Athens said Monday it will hold talks with the Former Yugoslav Republic of Macedonia this week amid a renewed UN-backed push to solve a name row that has poisoned relations between the neighbours and sparked protests in Greece.
Athens argues that the name Macedonia suggests that Skopje has territorial claims to Greece's historic northern region of the same name.
Both countries returned to the United Nations last week hoping to reach a compromise that could end the 27-year dispute.
On Sunday, tens of thousands of Greeks protested against any deal allowing Macedonia to keep its constitutional name.
Greek Prime Minister Alexis Tsipras and his Macedonian counterpart Zoran Zaev will meet Wednesday on the sidelines of the World Economic Forum in Davos to discuss the issue.
It will be the first meeting between the two leaders, the Greek foreign ministry said.
"We expect progress towards reaching a commonly acceptable solution" at the meeting, Greek government spokesman Dimitris Tzanakopoulos told reporters on Tuesday.
"The solution must be found on the basis of a composite name, with a geographical or time-related definition, which will apply to all, making it clear that nobody has a claim on the lands or history of other peoples," he said.
Home to the port cities of Thessaloniki and Kavala, the northern Greek region of Macedonia was the centre of Alexander the Great's ancient kingdom and is a source of Greek pride.
Greece's objections to its neighbour becoming independent in 1991 as Macedonia -- the name the former Yugoslav province has used since the 1940s -- have hampered the tiny nation's bid to join the European Union and NATO.
Macedonia is currently known in the UN by the provisional name of Former Yugoslav Republic of Macedonia (FYROM), but over 100 countries have recognised it as Macedonia.
"Athens argues that the name Macedonia suggests that Skopje has territorial claims to the northern Greek region of the same name, of which Thessaloniki is the capital.
Police said more than 90,000 demonstrators had joined the protests in Thessaloniki on Sunday, organised by hardline clerics, far-right leaders and Greek diaspora groups.
Protest leaders said at least 400,000 people had turned up.
"We estimate there were at least 400,000 people. It is impressive," rally organiser Anastasios Porgialidis told AFP.
Some minor scuffles erupted between the protesters and anarchists who had organised a counter-demonstration, prompting police to intervene with tear gas.
The rally drew members of the neo-Nazi Golden Dawn party who had gathered around the statue of Alexander the Great along with local clergy.
Representatives from the main opposition party, New Democracy, were also present despite a tacit order from its liberal-minded leader Kyriakos Mitsotakis to boycott the protests.
On Sunday after the rally, however, Mitsotakis hailed the "impressive turnout that proves the particularly great sensitivity of society to the issue".
Cretans in traditional costumes who travelled from the southern island with their horses, as well as people from northern Greece wearing costumes from the Macedonian wars era a century ago, crowded at the White Tower on the Thessaloniki waterfront from early in the morning.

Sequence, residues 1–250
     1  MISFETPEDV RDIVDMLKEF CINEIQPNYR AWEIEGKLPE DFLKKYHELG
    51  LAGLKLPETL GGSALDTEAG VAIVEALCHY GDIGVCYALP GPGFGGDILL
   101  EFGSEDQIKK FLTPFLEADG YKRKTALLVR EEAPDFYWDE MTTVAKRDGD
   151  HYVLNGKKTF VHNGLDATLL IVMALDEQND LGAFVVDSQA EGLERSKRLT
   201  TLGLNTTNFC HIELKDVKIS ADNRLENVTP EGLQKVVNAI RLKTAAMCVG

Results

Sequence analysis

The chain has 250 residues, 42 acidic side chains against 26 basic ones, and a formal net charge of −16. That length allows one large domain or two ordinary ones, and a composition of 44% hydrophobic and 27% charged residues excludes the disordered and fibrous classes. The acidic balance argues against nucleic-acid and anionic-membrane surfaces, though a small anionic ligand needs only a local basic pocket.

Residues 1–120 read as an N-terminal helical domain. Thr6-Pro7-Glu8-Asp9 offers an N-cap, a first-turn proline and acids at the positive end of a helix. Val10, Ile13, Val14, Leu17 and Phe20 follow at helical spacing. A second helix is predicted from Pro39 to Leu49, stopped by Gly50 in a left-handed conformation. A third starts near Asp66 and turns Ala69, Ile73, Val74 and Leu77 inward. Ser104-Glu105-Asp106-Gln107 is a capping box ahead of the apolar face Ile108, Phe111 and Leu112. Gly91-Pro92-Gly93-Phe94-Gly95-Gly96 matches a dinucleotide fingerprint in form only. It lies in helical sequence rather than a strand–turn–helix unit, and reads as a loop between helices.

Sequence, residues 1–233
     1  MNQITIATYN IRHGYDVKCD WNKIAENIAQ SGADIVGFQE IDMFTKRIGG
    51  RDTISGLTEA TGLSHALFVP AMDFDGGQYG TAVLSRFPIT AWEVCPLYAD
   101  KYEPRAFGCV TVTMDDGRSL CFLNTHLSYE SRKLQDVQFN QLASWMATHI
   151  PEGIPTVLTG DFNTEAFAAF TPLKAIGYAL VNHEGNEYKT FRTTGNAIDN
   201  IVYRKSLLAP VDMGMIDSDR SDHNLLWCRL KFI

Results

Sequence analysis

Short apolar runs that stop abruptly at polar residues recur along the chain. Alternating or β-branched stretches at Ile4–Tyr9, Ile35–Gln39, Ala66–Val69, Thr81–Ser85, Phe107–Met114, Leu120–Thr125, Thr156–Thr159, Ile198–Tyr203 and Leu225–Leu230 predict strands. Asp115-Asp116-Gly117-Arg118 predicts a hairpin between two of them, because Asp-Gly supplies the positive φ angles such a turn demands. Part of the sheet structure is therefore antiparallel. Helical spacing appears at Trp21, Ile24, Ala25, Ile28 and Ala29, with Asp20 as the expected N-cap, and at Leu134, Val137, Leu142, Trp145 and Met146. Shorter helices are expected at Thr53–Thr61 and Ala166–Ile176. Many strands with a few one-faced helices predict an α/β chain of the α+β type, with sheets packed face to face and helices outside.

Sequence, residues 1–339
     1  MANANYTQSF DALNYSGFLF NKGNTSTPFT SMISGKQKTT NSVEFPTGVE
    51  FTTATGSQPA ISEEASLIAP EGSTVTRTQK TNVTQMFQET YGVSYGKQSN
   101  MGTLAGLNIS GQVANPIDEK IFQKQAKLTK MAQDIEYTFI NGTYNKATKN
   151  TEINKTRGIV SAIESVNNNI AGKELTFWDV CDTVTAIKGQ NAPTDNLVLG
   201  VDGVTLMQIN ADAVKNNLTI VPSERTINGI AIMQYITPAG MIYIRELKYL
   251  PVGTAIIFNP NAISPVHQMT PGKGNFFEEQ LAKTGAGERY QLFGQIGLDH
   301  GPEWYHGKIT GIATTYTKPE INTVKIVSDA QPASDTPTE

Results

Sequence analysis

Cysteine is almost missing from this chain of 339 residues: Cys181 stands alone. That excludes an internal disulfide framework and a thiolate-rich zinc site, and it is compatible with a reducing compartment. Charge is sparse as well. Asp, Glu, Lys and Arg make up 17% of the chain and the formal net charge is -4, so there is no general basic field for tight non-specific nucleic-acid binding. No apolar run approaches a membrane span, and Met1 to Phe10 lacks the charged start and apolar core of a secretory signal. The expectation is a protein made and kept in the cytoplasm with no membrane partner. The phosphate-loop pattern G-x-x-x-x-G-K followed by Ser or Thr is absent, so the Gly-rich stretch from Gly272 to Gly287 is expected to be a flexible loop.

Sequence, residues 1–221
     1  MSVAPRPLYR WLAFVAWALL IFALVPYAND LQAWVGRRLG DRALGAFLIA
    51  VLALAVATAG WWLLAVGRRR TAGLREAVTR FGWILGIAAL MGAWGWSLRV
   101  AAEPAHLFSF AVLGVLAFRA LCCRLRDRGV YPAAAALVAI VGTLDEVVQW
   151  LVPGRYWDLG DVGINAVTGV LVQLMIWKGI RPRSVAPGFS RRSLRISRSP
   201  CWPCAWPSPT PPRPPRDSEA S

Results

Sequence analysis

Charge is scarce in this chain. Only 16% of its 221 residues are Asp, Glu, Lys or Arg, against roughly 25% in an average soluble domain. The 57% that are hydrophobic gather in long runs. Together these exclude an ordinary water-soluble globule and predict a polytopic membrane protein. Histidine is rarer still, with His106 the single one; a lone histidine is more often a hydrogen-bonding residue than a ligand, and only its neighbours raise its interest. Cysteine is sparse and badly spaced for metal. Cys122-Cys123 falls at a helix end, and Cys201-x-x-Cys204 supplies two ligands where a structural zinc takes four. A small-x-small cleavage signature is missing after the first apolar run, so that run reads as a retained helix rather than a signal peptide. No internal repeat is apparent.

Police said 284 buses had transported people from around Greece to the port city.
Greece and Macedonia returned to the United Nations last week hoping to reach a compromise that could end the 27-year dispute over the former Yugoslav republic's name.
Greece's objections to the use of the name Macedonia since the Balkan country's independence in 1991 have hampered the tiny nation's bid to join the European Union and NATO.
"We want to warn our politicians not to dare to betray us. Macedonia is Greek and this is not negotiable", said protester Dimitris Triantafillidis, 50, a shop owner from the northern regional district of Pieria.
The UN negotiator Matthew Nimetz -- a 24-year veteran on the issue -- said last week that he was "very hopeful" that a solution was within reach.
Despite the nationalist fervour that is also being fed by Golden Dawn, Greeks appear to be less militant on the issue than in the past.
In 1992, more than one million people -- 10 percent of the population -- joined a rally in Thessaloniki to proclaim that "Macedonia is Greek".
According to a survey conducted for Greek radio station 24/7 by the Alco polling group, 63 percent of respondents said they thought it was in Greece's best interests to seek a mutually acceptable solution at the UN talks.
And the Greek Orthodox Church, which is traditionally opposed to the use of the term Macedonia by Skopje and led the 1992 rally, appears to have distanced itself from Sunday's events.
Its leader Archbishop Ieronymos on Thursday reportedly told Prime Minister Alexis Tsipras that "national unity is needed... (not) protests and shouts".
Tsipras, who is expected to meet with his Macedonian counterpart Zoran Zaev at the World Economic Forum in Davos, Switzerland, next week, said in an interview published Sunday: "If there is an opportunity for a solution, it would be a national stupidity not to make good use of it."
However, he told Ethnos newspaper that he could understand "the concerns and sensitivities" of the Greeks of the north.
Macedonia is known as the Former Yugoslav Republic of Macedonia (FYROM) at the United Nations, although the Security Council acknowledged this was a provisional name when it agreed to membership.
If a deal is reached at the UN talks, it will be put before Greek parliament for approval, with the government expecting the compromise name to be approved despite opposition within some parties.
According to Macedonian media, Nimetz has proposed five alternatives all containing the name.